It’s a brief but believable narrative about a couple – their childhood, first meeting, falling in love, marriage, children and growing older together interspersed with pertinent insightful tit-bits from de Botton about the psychological nature of love and relationships.
For someone like me, in a loving, long term relationship and closer to 50 than she would like to think about, this book felt a little like old news.
It was nice to be reminded of some of the hard won realisations we had worked out for ourselves over the years. But part of why these hard won truths are so meaningful to us, is because we worked them out ourselves.
Which isn’t to say, that some of the profound insights into our own characters and how we act in significant relationships didn’t stem from a chance comment in a book, or the lyrics in a song, or via the help of a counsellor. But most of the really tough, nitty gritty knowledge about our deep dark desires and failings, came about through difficult conversations, sleepless nights and desperate soul-searching.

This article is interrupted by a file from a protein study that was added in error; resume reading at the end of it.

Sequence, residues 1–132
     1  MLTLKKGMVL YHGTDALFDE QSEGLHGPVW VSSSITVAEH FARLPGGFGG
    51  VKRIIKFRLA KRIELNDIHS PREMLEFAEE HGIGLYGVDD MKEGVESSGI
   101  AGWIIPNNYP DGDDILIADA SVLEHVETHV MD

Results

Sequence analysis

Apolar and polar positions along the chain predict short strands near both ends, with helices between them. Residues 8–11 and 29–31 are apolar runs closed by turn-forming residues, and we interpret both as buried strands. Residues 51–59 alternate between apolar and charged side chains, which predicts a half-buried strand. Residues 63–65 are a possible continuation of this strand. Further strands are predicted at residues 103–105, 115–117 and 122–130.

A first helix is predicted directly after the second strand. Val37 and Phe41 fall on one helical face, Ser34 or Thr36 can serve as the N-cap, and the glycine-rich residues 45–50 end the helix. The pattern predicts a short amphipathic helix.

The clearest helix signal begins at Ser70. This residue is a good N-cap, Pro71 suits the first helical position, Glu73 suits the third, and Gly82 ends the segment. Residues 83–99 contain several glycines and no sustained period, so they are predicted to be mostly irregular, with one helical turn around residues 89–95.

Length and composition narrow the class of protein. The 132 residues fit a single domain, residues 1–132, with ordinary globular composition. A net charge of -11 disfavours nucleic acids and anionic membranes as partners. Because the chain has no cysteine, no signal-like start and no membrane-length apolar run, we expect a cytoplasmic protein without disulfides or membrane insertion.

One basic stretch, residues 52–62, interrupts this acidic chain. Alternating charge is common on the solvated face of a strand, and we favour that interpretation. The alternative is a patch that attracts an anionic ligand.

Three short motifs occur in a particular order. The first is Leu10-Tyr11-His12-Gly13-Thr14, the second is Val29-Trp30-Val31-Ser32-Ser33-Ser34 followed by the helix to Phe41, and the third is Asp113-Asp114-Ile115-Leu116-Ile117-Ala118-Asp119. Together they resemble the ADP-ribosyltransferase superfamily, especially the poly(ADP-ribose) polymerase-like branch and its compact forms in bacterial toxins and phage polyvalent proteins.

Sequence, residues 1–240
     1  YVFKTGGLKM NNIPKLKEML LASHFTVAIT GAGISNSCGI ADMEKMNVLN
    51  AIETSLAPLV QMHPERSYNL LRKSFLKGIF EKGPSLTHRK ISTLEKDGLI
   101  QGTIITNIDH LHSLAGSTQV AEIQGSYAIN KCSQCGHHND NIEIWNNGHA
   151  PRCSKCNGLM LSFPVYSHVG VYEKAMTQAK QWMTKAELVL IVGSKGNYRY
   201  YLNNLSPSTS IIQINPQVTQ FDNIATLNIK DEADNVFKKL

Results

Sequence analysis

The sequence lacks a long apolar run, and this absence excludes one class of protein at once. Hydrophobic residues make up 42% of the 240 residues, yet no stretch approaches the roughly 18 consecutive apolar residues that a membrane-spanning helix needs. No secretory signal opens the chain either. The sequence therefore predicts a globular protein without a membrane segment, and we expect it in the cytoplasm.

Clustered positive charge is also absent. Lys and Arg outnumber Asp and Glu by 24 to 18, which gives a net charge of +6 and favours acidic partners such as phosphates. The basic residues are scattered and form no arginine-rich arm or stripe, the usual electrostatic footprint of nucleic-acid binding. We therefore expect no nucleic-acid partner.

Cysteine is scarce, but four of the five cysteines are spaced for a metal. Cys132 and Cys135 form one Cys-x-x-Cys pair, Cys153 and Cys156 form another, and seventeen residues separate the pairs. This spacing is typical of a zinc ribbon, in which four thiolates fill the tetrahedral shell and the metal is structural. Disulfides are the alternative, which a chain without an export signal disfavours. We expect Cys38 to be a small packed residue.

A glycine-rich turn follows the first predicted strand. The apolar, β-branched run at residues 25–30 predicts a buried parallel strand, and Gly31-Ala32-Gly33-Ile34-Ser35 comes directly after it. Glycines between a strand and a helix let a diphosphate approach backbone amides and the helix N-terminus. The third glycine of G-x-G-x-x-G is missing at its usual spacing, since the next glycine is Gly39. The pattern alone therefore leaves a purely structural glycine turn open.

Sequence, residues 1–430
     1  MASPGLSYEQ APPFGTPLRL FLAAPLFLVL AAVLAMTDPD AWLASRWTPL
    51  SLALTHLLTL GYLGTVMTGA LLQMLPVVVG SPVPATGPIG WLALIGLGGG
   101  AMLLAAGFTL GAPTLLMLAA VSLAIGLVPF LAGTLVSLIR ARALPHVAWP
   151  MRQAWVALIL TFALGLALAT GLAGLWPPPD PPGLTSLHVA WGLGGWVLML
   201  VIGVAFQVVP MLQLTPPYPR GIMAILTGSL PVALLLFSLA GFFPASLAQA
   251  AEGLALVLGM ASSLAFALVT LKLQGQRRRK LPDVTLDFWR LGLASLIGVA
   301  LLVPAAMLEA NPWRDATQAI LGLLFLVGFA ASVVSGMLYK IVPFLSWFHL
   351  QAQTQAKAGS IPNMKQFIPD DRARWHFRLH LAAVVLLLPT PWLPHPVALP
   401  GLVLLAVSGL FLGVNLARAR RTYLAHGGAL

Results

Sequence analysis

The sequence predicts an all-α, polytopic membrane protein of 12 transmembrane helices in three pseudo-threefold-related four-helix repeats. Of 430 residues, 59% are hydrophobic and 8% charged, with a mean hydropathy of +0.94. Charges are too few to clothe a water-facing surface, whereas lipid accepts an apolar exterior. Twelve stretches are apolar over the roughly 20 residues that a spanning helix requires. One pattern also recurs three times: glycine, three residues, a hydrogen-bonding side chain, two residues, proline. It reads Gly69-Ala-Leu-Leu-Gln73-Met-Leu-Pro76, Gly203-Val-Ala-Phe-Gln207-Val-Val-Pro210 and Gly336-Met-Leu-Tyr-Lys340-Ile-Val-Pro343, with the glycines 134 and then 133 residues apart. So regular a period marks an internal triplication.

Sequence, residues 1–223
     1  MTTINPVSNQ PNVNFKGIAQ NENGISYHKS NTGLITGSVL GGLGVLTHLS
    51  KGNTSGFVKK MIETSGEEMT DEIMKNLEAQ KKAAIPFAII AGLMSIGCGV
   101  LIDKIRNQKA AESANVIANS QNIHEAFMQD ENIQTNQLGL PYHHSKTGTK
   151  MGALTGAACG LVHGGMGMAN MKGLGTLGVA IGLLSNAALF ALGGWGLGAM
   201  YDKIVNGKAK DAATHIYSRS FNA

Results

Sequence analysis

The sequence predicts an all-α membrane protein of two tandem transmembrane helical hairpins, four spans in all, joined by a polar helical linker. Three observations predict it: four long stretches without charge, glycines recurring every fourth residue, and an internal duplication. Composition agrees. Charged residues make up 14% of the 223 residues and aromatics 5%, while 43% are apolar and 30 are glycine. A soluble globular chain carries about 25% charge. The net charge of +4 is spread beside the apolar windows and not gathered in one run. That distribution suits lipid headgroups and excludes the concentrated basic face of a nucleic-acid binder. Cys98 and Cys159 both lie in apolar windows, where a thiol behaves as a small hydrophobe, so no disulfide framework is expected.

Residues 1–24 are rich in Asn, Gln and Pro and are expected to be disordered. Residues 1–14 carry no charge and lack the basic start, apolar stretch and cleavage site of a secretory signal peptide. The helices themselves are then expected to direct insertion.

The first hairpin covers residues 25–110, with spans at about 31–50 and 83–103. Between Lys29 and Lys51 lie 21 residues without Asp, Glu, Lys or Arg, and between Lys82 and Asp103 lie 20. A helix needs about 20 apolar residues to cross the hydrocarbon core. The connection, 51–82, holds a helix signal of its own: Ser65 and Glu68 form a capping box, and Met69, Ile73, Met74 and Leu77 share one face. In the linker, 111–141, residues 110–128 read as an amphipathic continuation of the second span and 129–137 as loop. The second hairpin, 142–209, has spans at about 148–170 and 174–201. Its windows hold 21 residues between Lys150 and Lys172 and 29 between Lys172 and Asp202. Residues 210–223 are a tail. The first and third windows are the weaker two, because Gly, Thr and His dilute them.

Therefore, in lots of ways, The Course of Love felt redundant for me, especially as Rabih and Kirsten’s story didn’t continue into the trying teen years, that joyously sad time of empty-nesting, failing health, retirement, down-sizing and loss of a spouse.
De Botton and his characters also seemed to forget about humour.
Being able to laugh together and amuse each other can get you through, over and around any number of life’s hurdles.
The Course of Love will no doubt spawn quotes that will end up in greeting cards, marriage vows and Instagram accounts. But the book itself didn’t quite hit the mark, as fiction or as informative non-fiction.
Interesting, easy to read, but not riveting.
A few quotes that I highlighted along the way….